My brother walked me to and from school when I was in the first grade. Mama didn’t want me to walk alone through town because there was just a general store, a post office, a gas station, one church and four beer joints.
We walked on the opposite side of the street when we got to the beer joints where men gathered on the sidewalk, drinking out of paper bags. When my brother told me they had beer and whiskey in the bags, I asked him why the beer didn’t leak through the paper bag? He said, “Shut your mouth and grab that beer bottle in the bushes.” We took the beer bottle into the General Store and redeemed it for 2 cents.
We pressed our noses to the glass candy case and discussed the merits of one candy versus another. Candy cigarettes or wax coke bottle filled with cool-aid, which meant we could chew the wax all the way to school. We chose and the two cents worth was carefully weighed on a little scale. Inside the glass case, the clever storeowner also displayed various dolls and other tempting toys.
One of the dolls had a fuchsia colored dress that fanned out behind her. She had beautiful brown wavy hair and movable arms. Her lovely eyes opened and closed. Never in my life had my five-year-old eyes beheld anything so beautiful. The candy lady said she cost a dollar, a considerable amount of money in 1948.
What was the likelihood of getting a beautiful doll that cost a whole dollar? We were lucky to get one small toy, a pair of pajamas and a new sweater for Christmas. I cried and begged, promised I would go to bed without a fuss, eat all my Brussels sprouts and brush my teeth five times a day if she would buy me the doll. My alligator tears fell on deaf ears. Mama said she wouldn’t give me a dollar if she had one, what with the economic climate we lived in. Then, she said, “Go talk to your Daddy.”
Daddy was not impressed with my argument either. “Furthermore,” he said, “Mama works in the apple packing plant and earns less than a dollar an hour. You can buy three pounds of hamburger for a dollar. You can buy several loaves of bread for a dollar or three gallons of gas for a dollar. I will not pay $1.00 for a doll. You can’t get blood out of a turnip.”
Well that was pretty obvious, even to a five- year-old. It seemed like a pretty poor excuse for not giving me a dollar.
I left Daddy with a better understanding of the value of a dollar. It was also obvious that that Daddy didn’t know much about vegetables. I still had no idea how I could obtain the dolly, now an unreachable, impossible dream. And yet, every day on the way home from school, we stopped at the General Store where I stood for ten minutes dreaming of what it would be like to own that dolly.
Perhaps I had enough in my piggy bank. I shook out all the pennies and nickels on my bed; there weren’t that many. I had 24 cents. I sat with paper and pencil and struggled with the math. If I had 24 cents and needed a $1.00, how much did I still need? The concept was beyond me.
Begging my mother had resulted in a vague speech about the weather. Daddy had demonstrated his poor understanding of vegetables in general. My piggy bank left me wanting, and my brother said I still needed $.76. After discussing it with family members, I figured I would have to earn the money.
That night I dreamed about the dolly. In my dream, I could feel her soft wavy hair. I sat her up and laid her down and watched her eyes blink open and close, open and close. When I awake, my fingers were still feeling the smooth texture of her satiny skirt and the rough edges of the lace. I was obsessed with the dolly.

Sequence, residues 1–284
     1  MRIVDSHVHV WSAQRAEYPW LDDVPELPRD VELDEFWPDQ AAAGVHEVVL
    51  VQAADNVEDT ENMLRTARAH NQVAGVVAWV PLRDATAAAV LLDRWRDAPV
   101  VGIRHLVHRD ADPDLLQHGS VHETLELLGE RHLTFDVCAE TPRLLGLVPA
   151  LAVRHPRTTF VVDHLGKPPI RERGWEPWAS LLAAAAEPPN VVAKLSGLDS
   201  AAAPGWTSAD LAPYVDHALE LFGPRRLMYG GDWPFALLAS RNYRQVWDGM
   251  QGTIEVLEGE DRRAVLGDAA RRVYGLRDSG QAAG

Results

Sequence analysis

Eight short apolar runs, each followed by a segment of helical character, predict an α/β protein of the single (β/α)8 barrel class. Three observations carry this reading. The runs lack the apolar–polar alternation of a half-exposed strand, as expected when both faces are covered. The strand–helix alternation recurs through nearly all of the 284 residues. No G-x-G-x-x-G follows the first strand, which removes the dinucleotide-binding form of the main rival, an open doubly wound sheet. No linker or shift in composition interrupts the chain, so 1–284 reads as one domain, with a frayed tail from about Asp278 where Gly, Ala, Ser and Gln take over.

I remembered the men standing on the corner, or squatting by the wall, drinking from paper bags near the beer joints. I remembered how they tossed the bottles into the bushes. I remembered that each bottle was worth 2 cents! Daddy had said, “When life gives you lemons, make lemonade,” which made slightly more sense than his lecture about blood and turnips. If I walked around the back of the beer joint, I could pick up the beer bottles, cash them in and save up the .76 cents.
For several weeks, I dragged dirty beer bottles out of the bushes on the way home from school. Each was worth several pennies apiece, and each night I dropped a few more pennies in the piggy bank.
When I had saved a dollar, I rushed to the store. My dolly was still in the glass case. She would be mine at last. The store lady rang up the sale.
“That will be $1.03,” she said. Tears sprang to my eyes and down my cheeks.
“Why is it $1.03,” I asked. She explained that the government didn’t have enough money to pay all the relief checks to the lazy men who squatted on the sidewalk next door and drank beer out of paper bags, so that’s why a little girl had to pay 3 cents more than she should have to, in order to buy a dolly. She said the government needed my 3 cents to help pay off the 258 billion dollar national debt. … (Imagine! that's what it was in 1948. Sounds pretty good by today’s standard, doesn’t it?)
After a bit of negotiating, I got the store lady to agree that I could take the dolly home if I gave her my dollar today and brought her 3 cents tomorrow. If I couldn’t get 3 cents by tomorrow, I would return the dolly and she could keep the dollar and sell the dolly to another little girl. I was the one gambling, not her. They say a con man is born every minute. I figured if I couldn’t find two more beer bottles on the way home, mama would be so embarrassed by my gambling, she would give me the 3 cents. I would probably get a spanking, but it was a risk I was willing to take.
I walked home, clutching my dolly to my heart, scanning the ditches. It seemed as if someone had gleaned every single bottle. I scoured the bushes and searched the garbage cans outside the beer joints. Near my house, two beer bottles were lying under the rose bushes. With the 4 cents from the bottles, I was able to square my debt with the candy lady.